A Novel Idea: Train Your Own Workforce

What the world needs is more HVAC technicians

Alexandria-based Michael & Son is establishing a vocational school in Richmond to train its workforce in plumbing, electrical and HVAC trades. The first class of enrollees is expected to start in the next few weeks, according to Richmond BizSense.

Said President Basim Mansour:

We’re probably not going to be fully running for another four to six months, but when the school is finished, it’s going to be the most state-of-the-art trade school in the nation. We’re going to be able to create and build incredible, talented people that we can farm just for our use.

The reality is that nobody’s going into the trade anymore. What we need as a company is, first, great people, and then second, tradespeople. It’s easier to find good people who don’t know the trade, so we’re going to take those good people and teach them the trade.

Michael & Son

spent $1.9 million to buy the old Wyeth Pharmaceuticals building and another $1 million to convert it into a dormitory to house up to 74 students. Classrooms at the school will replicate a home where students can get real-world work on plumbing, electrical wiring and HVAC systems. The company will pay students $300 a week to attend class — in contrast to some trade schools that charge up to $20,000 to attend. The 12-week program is followed by six weeks of field work. The company currently employs about 900 people.

Bacon’s bottom line: Why don’t we see more of this? Building tradesmen make good middle-class wages, and there aren’t enough of them. Why aren’t more businesses — at least the big ones which can afford to spend $3 million on facilities — training their own workers?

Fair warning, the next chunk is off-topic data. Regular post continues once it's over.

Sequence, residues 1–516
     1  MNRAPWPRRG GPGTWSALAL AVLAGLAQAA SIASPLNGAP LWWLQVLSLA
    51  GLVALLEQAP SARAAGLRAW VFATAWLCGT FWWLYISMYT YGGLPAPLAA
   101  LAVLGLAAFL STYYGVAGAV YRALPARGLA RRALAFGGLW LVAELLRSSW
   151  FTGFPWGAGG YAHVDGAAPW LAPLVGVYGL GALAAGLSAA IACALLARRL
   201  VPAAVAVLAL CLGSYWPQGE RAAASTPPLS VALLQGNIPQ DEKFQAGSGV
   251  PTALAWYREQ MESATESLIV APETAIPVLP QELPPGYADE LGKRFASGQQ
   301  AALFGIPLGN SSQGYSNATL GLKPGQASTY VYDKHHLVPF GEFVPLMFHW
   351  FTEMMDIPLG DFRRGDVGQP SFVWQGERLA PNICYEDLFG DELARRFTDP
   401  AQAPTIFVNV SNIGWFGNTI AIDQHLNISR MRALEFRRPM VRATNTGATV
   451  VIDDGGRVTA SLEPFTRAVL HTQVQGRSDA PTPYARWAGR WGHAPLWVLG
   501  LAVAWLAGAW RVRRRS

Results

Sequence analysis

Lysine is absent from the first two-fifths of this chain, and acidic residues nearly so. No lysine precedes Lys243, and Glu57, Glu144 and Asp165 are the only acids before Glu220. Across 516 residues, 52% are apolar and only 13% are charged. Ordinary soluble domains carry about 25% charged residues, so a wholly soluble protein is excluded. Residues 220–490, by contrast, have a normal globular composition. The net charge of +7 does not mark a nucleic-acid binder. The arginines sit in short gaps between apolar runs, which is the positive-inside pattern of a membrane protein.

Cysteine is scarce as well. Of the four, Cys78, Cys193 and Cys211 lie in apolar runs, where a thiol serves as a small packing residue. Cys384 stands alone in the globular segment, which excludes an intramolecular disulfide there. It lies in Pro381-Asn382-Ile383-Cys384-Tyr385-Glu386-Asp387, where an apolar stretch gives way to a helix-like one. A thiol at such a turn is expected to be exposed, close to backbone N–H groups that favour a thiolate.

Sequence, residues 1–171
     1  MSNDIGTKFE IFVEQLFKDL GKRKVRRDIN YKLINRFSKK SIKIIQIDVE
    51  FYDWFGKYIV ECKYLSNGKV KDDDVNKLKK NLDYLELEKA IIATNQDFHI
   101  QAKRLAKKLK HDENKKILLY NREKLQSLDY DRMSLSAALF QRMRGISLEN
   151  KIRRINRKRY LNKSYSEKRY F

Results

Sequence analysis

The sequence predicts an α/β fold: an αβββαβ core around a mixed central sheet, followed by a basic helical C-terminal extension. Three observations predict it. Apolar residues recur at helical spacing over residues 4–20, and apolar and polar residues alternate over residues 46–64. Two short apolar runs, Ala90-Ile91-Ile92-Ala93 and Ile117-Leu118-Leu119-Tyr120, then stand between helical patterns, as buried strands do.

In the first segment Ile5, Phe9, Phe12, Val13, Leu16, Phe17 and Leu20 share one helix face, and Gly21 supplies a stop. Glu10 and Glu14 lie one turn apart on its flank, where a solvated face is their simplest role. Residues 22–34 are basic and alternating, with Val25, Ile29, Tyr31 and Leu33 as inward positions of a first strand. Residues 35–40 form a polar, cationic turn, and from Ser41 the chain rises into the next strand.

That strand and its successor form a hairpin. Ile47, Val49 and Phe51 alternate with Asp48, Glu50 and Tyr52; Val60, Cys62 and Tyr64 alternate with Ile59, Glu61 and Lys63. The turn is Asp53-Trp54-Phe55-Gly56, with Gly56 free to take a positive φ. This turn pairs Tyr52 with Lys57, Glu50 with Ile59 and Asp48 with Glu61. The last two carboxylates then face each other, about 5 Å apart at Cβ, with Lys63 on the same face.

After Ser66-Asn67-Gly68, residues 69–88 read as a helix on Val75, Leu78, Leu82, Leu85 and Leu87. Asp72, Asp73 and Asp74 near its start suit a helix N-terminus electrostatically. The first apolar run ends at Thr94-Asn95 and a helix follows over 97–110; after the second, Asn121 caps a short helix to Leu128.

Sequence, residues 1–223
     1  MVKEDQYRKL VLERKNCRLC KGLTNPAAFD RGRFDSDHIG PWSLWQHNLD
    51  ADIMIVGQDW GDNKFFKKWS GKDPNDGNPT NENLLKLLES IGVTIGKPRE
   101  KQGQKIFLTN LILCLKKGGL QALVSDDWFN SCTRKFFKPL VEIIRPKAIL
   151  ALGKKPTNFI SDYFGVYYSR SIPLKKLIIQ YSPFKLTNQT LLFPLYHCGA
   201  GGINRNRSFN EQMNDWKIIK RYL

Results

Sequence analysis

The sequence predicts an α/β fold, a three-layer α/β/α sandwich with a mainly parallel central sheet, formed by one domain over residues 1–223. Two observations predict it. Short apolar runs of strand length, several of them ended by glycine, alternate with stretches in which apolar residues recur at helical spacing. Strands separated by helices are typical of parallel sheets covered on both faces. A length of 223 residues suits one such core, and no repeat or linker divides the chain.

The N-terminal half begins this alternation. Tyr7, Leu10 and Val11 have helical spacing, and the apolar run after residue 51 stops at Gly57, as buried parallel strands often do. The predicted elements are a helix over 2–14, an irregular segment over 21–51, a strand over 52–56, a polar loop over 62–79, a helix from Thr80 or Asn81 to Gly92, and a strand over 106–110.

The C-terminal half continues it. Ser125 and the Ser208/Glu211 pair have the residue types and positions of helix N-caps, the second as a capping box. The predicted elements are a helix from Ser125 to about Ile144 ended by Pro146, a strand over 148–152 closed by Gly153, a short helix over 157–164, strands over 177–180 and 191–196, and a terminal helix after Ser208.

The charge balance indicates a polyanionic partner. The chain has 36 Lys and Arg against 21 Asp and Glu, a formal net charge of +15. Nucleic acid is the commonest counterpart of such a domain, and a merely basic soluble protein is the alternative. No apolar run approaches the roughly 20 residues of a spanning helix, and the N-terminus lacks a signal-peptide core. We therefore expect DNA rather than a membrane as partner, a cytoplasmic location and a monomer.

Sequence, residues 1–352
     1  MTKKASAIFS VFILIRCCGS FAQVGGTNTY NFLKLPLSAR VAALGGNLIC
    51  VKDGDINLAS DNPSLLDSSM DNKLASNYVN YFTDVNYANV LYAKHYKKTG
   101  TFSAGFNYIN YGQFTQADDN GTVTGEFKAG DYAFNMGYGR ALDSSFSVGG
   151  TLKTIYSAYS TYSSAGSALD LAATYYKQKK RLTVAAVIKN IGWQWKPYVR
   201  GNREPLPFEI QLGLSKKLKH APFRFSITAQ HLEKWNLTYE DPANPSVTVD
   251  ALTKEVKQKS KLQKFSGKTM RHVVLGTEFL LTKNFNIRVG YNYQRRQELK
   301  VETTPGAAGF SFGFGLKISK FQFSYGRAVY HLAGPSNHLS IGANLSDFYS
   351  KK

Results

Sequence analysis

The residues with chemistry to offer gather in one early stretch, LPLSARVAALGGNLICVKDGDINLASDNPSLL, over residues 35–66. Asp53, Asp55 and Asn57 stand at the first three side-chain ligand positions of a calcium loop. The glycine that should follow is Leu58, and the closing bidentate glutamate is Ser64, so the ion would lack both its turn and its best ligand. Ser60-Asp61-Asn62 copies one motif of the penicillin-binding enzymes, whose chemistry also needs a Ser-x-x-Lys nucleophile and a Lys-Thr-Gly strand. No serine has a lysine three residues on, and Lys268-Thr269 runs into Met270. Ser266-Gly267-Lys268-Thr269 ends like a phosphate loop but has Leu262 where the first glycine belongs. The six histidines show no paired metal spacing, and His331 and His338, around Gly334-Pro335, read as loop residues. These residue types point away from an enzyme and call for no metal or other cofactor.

How has it happened that U.S. industry has come to rely upon the higher education establishment to provide the training? When you own your own shop, you teach exactly the skills your workforce needs, and you teach up to your standards. Other than Newport News Shipbuilding, which has one of the top apprenticeship programs in the country, I can’t think of any other enterprise in Virginia that does this.

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10 responses to “A Novel Idea: Train Your Own Workforce”

    1. Looks like a good program… run by Fairfax County Public Schools. I’m wondering why there aren’t more industry-run programs like Michael & Son’s. Why didn’t Michael & Son use the FCPS program?

  1. LarrytheG Avatar

    I think they’re recreating the wheel – duplicative and expensive and no guarantee their trained folks won’t go elsewhere anyhow.

    besides VocEd – the state has a program


    The Virginia Registered Apprenticeship is a training system that produces highly skilled workers to meet the demands of employers competing in a global economy, through a combination of on-the-job training and theoretical classroom instruction. It is a “win-win” approach to workforce development for more than 13,000 apprentices (employees) throughout the Commonwealth.